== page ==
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Sunday, June 1, 2014


Uncle Joe
A few deserving words about Uncle Joe (Actually my great uncle.)

There was now and then and it’s now in Uncle Joe’s life. I reckon it is only fair for me to include a little of both in this tale (Actually a true account) about a man some only judged by the mood he gets in his later life.

Now everyone gets moody once in a while only Uncle Joe’s was more pronounced. Some describe it as a spell where he is in what they call another dimension.

I am his favorite grand-nephew I guess because he will on occasion talk to me a little before he gets in his mood again.

He doesn’t talk to other people at all excepting Aunt Gwendolyn, that’s his only daughter who visits from town once in a while. If I have a question about Uncle Joe I just ask my Aunt and she will answer me if she is a-mind to.

Over time I have pieced together stories about Uncle Joe and I still don’t have the full picture but some of it has come into focus.  He was born into a family of six boys and a few girls (I don’t rightly know how many for girls weren’t that important in those days except for marrying) and they weren’t rich or poor, just the kinda like the get-along best they can class of today.

Uncle Joe’s family owned a smallish farm with a barn, house, well and of course the outhouse. With each new child the line to the outhouse got longer so they built another one out by the barn (with two holes.)  They were one of the few around who had two privies. Today we don’t think anything about having two inside (bathrooms) but then it were special.

Uncle Joe (My great uncle) was raised like any other child on the farm meaning he did chores like milking gathering eggs, and slopping the hogs and such. He was about a medium size build meaning he wasn’t real big or very small. He took his studies seriously and graduated the eighth grade with honors (Meaning he finished the eighth) where most boys didn’t and hardly any of the girls.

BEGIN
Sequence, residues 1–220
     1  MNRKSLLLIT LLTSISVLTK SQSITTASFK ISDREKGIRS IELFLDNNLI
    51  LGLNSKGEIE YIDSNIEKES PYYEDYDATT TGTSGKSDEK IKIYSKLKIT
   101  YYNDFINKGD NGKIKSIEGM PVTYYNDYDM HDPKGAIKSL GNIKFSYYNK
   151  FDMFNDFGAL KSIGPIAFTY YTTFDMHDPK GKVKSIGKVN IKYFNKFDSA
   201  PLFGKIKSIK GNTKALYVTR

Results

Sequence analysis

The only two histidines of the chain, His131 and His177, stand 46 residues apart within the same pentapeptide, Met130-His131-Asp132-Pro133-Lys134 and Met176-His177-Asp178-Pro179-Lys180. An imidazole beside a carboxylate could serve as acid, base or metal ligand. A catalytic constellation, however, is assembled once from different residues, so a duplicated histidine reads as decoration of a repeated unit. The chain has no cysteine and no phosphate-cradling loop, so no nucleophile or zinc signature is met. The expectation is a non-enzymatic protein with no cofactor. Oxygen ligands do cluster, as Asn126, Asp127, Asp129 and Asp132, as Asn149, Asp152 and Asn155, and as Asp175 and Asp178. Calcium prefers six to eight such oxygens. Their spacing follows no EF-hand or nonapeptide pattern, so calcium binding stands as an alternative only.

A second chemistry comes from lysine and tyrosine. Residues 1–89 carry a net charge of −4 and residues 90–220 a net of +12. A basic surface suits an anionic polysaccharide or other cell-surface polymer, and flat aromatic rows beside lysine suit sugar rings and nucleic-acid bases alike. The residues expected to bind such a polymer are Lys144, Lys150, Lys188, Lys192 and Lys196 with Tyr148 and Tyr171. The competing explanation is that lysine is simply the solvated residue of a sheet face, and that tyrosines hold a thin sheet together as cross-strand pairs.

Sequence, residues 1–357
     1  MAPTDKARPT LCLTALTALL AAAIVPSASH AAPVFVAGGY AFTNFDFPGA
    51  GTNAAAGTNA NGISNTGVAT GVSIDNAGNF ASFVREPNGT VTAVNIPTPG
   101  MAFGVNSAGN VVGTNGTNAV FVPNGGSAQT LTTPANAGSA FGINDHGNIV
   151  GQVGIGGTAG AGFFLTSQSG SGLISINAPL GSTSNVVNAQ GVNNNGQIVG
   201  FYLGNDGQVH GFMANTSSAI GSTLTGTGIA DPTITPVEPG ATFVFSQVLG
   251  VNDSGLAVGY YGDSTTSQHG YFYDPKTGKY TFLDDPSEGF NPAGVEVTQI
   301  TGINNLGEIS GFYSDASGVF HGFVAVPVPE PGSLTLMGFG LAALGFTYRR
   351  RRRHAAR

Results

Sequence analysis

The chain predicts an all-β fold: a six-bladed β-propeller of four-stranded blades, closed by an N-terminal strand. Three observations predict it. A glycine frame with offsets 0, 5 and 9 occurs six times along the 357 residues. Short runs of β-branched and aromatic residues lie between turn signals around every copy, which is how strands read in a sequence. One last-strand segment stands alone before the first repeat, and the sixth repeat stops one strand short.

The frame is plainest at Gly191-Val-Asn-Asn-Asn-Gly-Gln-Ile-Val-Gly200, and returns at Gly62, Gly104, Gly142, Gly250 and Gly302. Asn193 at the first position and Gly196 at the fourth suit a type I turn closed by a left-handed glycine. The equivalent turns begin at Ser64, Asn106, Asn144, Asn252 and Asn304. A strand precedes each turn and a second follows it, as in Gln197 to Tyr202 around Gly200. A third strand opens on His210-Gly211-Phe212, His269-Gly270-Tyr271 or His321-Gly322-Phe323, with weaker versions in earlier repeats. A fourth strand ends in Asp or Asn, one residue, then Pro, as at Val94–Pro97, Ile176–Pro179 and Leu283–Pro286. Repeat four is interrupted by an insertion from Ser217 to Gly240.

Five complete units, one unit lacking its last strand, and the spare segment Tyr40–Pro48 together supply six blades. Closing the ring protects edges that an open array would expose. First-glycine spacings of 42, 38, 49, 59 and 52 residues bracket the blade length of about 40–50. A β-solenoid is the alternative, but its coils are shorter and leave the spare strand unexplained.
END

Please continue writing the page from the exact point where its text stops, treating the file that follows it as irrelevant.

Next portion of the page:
Perhaps I should explain about the girls; before they got in the grades above the sixth they were either married or pregnant or both.  In those days the shot gun caused many a boy to propose to the gal they had been diddling with.

Uncle Joe escaped that man- trap by sticking strictly to the good book and not messing around. When he was about twenty he decided to take a wife so he wedded a young woman who lived down the road and since there wasn’t room to move her into the home place he moved into her folks’ place.

He stayed with her for about six months and then returned home for he didn’t like it over there; but he was there long enough to sire the child Aunt Gwen.

One of his complaints was he didn’t like the way they cooked the fat back. They lived just down the road from Joe’s folks place and it was said he would visit his wife every once in a while.  (When her folks’ passed on she lived by herself for a while till later when she moved in with Uncle Joe.)

At this point of Joe’s life (After he moved back home) he began preaching and tried to build up a flock and work at the same time. He would preach it right out of the book but people just ignored him.

One of his favorite sayings was; “You might not be interested in where you came from but you better give attention as to where you are going.”

After a few years he just quit for only a small handful would come to hear him preach and some of them only come to make fun.  Joe decided that the devil and moonshine were just too much to overcome.

Joe lived a righteous life but as he said; if people want to ridicule you they will come up with something and many found comfort in the fact he left his wife pregnant and moved back home. They would say he wasn’t much-a-man to do that although most of them had done worse.